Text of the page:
The learnability of constructed languages reflects typological patterns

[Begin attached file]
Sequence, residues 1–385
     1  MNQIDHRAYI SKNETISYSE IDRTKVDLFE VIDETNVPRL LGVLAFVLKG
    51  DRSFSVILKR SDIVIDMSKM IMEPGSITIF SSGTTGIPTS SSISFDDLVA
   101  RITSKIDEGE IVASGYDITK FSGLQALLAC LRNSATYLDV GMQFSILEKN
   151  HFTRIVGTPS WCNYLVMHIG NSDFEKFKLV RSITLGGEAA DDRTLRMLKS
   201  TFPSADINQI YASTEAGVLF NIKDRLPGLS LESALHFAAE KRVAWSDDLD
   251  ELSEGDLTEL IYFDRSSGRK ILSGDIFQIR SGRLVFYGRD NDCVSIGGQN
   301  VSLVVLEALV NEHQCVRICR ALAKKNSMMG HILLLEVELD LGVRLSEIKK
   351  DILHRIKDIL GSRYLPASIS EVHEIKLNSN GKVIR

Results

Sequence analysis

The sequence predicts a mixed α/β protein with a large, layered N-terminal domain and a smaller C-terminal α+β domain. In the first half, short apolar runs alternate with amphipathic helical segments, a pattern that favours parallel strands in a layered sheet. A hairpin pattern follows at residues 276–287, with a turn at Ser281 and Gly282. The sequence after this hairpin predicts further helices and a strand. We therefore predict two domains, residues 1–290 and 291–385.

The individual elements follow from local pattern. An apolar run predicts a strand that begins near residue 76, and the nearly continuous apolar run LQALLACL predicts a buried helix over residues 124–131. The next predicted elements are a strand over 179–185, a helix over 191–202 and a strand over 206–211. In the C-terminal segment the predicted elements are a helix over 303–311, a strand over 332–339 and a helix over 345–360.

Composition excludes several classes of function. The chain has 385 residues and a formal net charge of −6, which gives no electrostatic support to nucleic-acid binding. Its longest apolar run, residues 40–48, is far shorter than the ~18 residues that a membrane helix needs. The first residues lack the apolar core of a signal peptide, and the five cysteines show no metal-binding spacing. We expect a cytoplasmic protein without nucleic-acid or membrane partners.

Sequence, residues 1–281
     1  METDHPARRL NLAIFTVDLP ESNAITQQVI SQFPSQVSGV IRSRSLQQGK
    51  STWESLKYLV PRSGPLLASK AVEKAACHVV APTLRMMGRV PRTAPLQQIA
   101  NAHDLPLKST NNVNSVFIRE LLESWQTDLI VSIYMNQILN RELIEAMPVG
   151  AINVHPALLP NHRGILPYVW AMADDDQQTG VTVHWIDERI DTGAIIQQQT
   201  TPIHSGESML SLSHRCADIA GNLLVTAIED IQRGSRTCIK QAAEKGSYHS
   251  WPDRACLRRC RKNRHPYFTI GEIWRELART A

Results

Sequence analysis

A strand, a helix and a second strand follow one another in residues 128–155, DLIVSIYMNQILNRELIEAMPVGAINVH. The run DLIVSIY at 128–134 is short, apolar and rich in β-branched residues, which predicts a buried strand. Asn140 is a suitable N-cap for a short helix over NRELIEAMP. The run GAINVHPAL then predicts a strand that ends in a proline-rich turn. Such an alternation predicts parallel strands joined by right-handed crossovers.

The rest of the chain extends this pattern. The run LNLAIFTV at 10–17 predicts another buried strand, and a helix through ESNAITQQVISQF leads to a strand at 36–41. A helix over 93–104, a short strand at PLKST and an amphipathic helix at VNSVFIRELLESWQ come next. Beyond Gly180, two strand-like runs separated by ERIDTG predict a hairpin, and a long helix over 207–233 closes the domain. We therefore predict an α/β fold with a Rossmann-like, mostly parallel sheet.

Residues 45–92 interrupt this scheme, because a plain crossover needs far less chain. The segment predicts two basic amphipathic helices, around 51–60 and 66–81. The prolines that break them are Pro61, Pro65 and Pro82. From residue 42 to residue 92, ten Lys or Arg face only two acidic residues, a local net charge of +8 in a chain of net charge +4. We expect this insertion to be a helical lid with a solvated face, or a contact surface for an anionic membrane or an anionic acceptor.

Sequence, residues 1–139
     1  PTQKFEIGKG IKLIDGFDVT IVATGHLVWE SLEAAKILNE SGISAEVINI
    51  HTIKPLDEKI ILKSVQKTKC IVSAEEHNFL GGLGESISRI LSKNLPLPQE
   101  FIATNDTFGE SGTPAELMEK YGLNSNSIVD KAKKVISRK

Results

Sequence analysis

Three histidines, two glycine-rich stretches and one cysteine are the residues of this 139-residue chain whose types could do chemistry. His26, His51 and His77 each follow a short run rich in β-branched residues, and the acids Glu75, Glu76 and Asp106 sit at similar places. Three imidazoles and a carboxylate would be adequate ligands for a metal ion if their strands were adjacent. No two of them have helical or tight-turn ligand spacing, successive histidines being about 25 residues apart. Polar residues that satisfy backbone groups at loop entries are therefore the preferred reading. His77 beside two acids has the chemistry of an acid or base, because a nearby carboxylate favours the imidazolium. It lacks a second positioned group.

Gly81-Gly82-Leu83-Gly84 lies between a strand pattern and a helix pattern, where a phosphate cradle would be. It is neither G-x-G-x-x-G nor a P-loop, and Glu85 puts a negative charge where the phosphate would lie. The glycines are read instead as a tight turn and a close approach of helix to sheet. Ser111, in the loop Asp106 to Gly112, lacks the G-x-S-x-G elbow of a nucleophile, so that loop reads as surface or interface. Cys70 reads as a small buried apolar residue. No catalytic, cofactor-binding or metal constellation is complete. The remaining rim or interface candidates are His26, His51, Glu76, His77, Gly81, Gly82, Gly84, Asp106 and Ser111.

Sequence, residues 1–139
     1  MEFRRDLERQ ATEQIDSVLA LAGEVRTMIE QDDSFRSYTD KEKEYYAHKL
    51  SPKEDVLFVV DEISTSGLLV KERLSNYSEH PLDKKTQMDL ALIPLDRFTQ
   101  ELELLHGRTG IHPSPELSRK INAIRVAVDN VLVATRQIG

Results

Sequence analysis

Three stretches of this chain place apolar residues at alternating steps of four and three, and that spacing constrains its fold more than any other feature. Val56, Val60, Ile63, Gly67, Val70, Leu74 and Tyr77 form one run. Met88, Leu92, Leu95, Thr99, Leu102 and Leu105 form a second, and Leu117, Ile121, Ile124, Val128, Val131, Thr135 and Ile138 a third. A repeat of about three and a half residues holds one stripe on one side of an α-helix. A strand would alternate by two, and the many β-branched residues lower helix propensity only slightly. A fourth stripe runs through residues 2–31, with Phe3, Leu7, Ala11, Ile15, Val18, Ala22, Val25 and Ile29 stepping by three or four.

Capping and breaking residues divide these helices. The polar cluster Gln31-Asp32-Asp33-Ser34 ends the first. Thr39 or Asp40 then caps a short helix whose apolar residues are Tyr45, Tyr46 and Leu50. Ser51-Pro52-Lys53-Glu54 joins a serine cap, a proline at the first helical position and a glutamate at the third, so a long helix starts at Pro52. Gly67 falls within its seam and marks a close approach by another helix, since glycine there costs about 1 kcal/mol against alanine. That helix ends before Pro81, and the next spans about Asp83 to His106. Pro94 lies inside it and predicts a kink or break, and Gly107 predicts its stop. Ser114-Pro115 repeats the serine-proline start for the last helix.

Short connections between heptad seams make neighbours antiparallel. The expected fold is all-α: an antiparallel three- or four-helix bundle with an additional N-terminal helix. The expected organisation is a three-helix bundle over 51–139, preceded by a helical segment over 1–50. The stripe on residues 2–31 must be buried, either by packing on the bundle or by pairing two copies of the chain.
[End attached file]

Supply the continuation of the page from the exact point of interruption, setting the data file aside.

A small number of the logically possible word order configurations account for a large proportion of actual human languages. To explain this distribution, typologists often invoke principles of human cognition which might make certain orders easier or harder to learn or use. We present a novel method for carrying out very large scale artificial language learning tasks over the internet, which allows us to test large batteries of systematically designed languages for differential learnability. An exploratory study of the learnability of all possible configurations of subject, verb, and object finds that the two most frequent orders in human languages are the most easily learned, and yields suggestive evidence compatible with other typological and psycholinguistic observations.

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